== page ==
The main symptoms of IBS are abdominal pain, often described as colic-type pain, stomach cramps, bloating, diarrhoea, constipation, flatulence and an urgency to go to the toilet. Other symptoms can include lower back pain, nausea, headaches, tiredness, mucus in stools and feeling particularly full after eating. Symptoms can vary depending on the person. Some people may only have a few symptoms and have periods where the symptoms flare up occasionally.

In more severe cases, IBS can be debilitating for the individual and has a profound affect their daily lives. It may prevent the sufferer from being able to go to work or do anything. Frequent flatulence in public or a sudden urgency to use the toilet and not being able to make it to the toilet on time may also be present and can be extremely traumatic on the sufferer.

What Causes IBS?

The cause of IBS is unknown; however, there are many theories to what causes the condition and triggers symptoms. The most popular theory is related to diet, primarily because food consumed has a direct impact on the gastrointestinal system. Food intolerances and certain foods which has a direct effect on the digestive system may trigger symptoms of IBS. There is a theory that IBS sufferers have a colon or large intestine, that is particularly sensitive and reactive to certain foods, and also to stress.

Evidence has shown that there is a connection between IBS and stress or anxiety. Many sufferers relate symptoms to stressful events in their life. The relationship between the gut and nervous system is complex and it has been claimed by many studies that there is a part of the nervous system in the gut. A bacterial infection in the gut is another popular theory for being a cause of IBS.

How IBS can be Treated

Treatment for IBS symptoms can vary and depends on the individual. What is considered effective for one individual may not be as successful for another. There is no actual treatment for IBS, but there are many methods which are recommended for treating the condition. One recommended method is consuming probiotics. Probiotics are found in dairy products such as yoghurts and cheese, or can be bought in capsules. They are nutritional supplements that contain good bacteria which lives in gut. Limiting consumption of spicy or rich foods, caffeine, and fizzy juice or alcohol is also highly recommended.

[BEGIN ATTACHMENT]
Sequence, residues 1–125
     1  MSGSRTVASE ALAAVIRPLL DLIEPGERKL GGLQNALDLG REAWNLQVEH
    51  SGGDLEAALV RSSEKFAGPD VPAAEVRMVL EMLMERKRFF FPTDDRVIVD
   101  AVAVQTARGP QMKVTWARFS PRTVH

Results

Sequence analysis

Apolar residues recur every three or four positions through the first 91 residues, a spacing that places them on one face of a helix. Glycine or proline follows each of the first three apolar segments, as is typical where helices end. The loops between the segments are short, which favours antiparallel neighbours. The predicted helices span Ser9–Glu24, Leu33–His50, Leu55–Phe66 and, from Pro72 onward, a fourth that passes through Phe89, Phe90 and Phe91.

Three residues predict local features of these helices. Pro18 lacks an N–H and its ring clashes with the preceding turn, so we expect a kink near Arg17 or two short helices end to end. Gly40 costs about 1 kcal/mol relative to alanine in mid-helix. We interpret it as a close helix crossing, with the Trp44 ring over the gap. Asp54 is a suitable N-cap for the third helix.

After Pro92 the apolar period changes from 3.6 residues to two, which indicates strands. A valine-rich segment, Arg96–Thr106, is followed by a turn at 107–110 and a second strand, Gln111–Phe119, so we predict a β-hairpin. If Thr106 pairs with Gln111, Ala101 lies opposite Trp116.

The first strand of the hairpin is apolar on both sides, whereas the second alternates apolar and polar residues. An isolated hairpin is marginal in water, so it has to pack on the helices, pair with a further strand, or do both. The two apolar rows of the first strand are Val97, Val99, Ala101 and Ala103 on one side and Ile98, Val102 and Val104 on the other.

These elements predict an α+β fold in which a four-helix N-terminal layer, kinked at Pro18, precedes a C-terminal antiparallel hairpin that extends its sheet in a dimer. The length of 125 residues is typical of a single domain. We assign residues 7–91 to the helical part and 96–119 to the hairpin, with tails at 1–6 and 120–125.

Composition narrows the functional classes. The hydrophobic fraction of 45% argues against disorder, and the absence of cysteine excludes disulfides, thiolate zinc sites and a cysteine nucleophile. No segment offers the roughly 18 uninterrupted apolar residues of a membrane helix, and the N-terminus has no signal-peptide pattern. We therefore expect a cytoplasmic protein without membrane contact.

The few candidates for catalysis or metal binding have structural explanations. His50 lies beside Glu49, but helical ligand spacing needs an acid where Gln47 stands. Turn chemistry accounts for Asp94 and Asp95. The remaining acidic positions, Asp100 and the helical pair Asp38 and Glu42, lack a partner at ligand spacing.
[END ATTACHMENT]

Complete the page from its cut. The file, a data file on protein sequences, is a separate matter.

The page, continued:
Other recommendations include regular exercise, drinking plenty of water or herbal teas, peppermint tea or peppermint water, and decaffeinated drinks.

Peppermint and oat-based foods like porridge, oatcakes or oat-based cereals are good for bloating. Anti-spasmodic medicines relax the wall of the gut and relieve pain and discomfort caused by trapped wind or inflammation. Treating each symptom separately is also effective. Relaxation and complementary therapy techniques such as yoga and avoiding stress as much as possible will also help ward off IBS symptoms.

Living With IBS

As anyone with any experience of IBS can testify, living with IBS is not easy but understanding and monitoring lifestyle and diet is a highly effective way of relieving symptoms and coping with the condition. It is recommended that when and how often flare-ups start be recorded in a diary and shown to a doctor as evidence so the symptoms can be more readily treated. A food diary is also recommended so that any any particular foods or drink that triggers an attack can be identified and known to be avoided in the future.

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Insomnia – An Overview of Causes and Treatments


Defined as having difficulty falling asleep or staying asleep, insomnia affects 58% of U.S. adults, according to the National Sleep Foundation. Women are more susceptible to insomnia than men, and occurrences seems to increase with age. Those in lower socioeconomic groups appear to have an especially high incidence of insomnia, as do alcoholics.